By: Alicia De Mello
What is Neuromuscular therapy?
Neuromuscular therapy or technique (NMT) is the manual application of specialized pressure and strokes
that have either a diagnostic (assessment) or therapeutic (treatment) goal. The focus of the treatment is to
alleviate myofascial pain and dysfunction as well as deactivating trigger points.
What is a trigger point?
Simply, it's a knot. A small, palpable (able to feel) nodule in a tight band of muscle. Trigger points (TPs)
are painful to pressure and can cause referred pain, decreased range of motion, and even such things as
nausea, runny nose, and eye watering.
• Active trigger point: client is aware and familiar with pain
• Latent trigger point: only tender with touch
Releasing Your Trigger points
How do you treat a trigger point yourself? Visit this amazing DIY blog article, entitled "How To Fix Myself When My Massage Therapist is Nowhere to be Found." There, you will learn a step by step process for finding and releasing your trigger points, specifically for headache relief!
Need help? Book an appointment with a local massage therapist! If you're in the Connecticut, book your appointment at Grow Wellness! Mention this blog and get 10% off! 203-403-3710
Ever notice that your massage therapist will find a spot in your back and just hold pressure there and it
will hurt? Or when your shoulders are bothering you at home so you find a door jam and lean into it?
Most clients I've seen in my career, have referred to it as “that feel good hurt” – yes, it hurts but I know
it's doing something.
Our body is only able to recognize one stimulation at a time. So the pain that we go to a massage therapist
to address or we try to fix ourselves with a door frame at home can be overridden by applying another
sensation – pressure, heat, cold, electrical stimulation, vibration. A new stimulant travels faster than
through our nervous system than an old pain.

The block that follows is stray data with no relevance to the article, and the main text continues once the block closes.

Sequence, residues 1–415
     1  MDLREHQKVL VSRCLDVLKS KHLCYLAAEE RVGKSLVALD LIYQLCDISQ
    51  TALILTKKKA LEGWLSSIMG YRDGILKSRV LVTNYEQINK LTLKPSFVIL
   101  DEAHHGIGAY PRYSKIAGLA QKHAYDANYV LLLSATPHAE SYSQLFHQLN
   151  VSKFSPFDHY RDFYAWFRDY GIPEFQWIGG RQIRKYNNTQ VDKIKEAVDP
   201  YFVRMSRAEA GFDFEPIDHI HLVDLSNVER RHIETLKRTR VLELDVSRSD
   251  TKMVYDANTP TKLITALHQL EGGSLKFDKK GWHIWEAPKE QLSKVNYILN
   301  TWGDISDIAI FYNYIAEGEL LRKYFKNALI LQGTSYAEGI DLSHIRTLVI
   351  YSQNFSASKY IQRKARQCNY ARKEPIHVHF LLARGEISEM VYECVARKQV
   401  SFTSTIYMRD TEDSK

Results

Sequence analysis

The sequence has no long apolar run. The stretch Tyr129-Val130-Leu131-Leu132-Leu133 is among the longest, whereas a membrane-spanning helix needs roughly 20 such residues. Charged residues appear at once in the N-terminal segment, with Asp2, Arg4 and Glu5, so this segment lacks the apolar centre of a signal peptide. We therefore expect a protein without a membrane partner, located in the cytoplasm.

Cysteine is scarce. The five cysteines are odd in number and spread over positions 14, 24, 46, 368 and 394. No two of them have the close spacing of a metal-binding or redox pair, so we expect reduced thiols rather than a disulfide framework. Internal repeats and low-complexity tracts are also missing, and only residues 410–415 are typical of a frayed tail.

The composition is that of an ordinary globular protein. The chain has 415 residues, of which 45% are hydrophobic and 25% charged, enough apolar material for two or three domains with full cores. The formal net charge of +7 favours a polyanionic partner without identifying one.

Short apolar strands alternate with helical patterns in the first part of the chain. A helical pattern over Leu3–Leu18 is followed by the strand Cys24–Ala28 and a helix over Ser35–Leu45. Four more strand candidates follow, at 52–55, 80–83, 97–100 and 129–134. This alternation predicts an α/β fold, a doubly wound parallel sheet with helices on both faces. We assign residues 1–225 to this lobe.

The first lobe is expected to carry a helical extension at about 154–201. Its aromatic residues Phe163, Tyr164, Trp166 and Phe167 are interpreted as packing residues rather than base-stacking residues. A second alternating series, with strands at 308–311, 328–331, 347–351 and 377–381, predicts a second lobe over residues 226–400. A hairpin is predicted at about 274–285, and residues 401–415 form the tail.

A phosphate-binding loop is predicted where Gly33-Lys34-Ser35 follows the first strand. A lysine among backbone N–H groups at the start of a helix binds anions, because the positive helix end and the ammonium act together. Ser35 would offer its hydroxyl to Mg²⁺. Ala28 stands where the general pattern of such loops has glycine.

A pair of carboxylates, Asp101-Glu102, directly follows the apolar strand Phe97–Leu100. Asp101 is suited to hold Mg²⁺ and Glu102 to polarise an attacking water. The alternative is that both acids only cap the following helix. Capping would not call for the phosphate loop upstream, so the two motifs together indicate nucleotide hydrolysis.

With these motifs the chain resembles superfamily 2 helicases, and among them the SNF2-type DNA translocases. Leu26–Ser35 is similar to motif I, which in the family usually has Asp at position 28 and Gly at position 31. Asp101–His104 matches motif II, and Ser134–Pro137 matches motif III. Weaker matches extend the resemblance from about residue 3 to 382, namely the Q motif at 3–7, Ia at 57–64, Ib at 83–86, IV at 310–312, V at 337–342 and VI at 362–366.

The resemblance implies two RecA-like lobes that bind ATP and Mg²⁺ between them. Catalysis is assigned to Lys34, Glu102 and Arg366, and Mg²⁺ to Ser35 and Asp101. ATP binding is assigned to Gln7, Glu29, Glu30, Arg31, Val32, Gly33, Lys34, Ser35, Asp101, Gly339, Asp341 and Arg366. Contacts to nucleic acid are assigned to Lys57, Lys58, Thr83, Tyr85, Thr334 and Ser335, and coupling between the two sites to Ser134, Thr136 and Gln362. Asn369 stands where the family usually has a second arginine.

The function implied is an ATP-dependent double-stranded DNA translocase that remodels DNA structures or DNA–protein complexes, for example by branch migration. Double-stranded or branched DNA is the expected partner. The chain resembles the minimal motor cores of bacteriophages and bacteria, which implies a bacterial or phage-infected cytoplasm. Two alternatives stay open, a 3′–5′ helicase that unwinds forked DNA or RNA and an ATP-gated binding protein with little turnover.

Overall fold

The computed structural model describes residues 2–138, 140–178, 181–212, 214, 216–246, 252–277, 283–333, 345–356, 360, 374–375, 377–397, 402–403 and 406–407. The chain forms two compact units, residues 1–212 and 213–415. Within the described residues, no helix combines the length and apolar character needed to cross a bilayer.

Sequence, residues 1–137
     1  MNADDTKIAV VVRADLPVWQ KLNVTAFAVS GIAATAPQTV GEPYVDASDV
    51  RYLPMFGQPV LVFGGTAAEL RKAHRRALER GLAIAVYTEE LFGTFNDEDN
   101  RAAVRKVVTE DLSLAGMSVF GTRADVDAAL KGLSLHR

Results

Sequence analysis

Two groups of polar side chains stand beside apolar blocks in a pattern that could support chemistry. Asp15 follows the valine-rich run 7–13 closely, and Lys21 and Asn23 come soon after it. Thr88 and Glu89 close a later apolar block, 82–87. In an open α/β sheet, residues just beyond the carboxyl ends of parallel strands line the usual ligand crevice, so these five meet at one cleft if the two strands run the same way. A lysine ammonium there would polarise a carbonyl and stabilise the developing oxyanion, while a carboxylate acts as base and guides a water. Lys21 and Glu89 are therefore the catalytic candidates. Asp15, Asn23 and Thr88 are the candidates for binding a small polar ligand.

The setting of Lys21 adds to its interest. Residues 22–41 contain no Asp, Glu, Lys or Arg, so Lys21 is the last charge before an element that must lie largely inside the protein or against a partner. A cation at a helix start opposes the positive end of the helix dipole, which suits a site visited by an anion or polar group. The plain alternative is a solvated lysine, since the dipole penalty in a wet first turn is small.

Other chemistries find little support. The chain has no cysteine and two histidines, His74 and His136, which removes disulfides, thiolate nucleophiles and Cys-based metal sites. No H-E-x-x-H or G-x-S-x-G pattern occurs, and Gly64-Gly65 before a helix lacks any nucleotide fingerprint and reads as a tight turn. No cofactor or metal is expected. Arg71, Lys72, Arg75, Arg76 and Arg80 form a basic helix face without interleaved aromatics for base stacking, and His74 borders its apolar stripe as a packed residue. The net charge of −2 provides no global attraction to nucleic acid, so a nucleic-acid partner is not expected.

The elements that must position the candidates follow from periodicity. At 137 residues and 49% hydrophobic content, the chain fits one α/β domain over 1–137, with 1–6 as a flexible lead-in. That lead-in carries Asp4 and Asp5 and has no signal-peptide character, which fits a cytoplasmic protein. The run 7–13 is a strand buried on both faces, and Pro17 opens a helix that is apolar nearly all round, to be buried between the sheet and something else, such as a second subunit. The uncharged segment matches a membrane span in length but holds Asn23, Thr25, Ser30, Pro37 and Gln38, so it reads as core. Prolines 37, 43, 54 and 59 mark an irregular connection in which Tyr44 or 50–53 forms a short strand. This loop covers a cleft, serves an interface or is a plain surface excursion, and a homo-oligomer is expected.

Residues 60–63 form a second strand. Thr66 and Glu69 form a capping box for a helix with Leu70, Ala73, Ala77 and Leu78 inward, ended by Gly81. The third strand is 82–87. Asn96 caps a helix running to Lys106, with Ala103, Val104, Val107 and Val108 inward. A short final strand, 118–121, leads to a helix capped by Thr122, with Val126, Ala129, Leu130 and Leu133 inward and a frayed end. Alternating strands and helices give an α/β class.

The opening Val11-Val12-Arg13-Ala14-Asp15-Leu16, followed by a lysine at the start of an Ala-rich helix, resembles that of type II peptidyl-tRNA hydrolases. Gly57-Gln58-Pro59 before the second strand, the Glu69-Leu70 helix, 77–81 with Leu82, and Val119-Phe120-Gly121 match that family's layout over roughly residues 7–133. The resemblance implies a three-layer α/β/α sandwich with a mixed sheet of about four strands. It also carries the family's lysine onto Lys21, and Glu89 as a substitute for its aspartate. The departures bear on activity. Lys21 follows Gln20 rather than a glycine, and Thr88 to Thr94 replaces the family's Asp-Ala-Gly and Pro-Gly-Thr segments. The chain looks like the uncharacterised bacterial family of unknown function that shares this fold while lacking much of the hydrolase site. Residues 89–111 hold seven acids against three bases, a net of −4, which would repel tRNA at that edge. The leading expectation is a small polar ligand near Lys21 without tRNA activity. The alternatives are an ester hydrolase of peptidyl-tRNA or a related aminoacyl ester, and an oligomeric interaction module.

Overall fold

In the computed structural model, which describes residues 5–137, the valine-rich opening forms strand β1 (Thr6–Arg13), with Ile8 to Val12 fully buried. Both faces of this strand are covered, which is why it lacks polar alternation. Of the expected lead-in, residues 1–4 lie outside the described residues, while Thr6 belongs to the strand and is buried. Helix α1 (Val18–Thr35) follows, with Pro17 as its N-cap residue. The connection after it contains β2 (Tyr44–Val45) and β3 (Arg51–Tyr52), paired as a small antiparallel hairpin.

NMT should NOT be used within 72 hours of an injury
Why I chose neuromuscular therapy
I have struggled with TMJD issues since I was a child. The worst headaches I experience, are directly
related to my chronic teeth grinding. At a certain point, I accepted that this is just the burden I had to
carry. And then I started getting more and more migraine and TMJD focused clients. That pushed me to
look into ways I could further help my clients, and as a bonus, help myself.
Why You should choose neuromuscular therapy
Especially now more than ever, being post-pandemic, a good portion of the population is still working at
home. Some have went all out and created ergonomic office spaces. While, and I know this for a fact,
some are working whole shifts on laptops in bed. And if we're not working on computers with poor
posture we're “relaxing” on our phones with necks overstretched. We've had to wear masks for the last
two years. Many of us have felt facial pain after a whole day of wearing them, myself included. As much
as we were appreciative of having to wear mask so people around us couldn't see how we really felt about
an interaction (and of course the global pandemic), our facial muscles – from the eyes up – sure did get a
Unbeknownst to a surprising amount of people, our muscles encompass our whole body. The same way
we get knots in our back and shoulders, we're entirely capable of developing knots in our scalp, forehead,
eyebrows, and cheeks. Whether we know it or not, our face is constantly making micro-expressions.
There's the saying “it takes more muscles to frown than to smile”. As a massage therapist, there's no
reason why we should take more care of the muscles in our back and legs than the muscles in the
seemingly less necessary areas like the neck and head. We take for granted the importance of our neck
and head until we wake up one morning and can't turn our head.
On all following charts, “X” denotes trigger points for headaches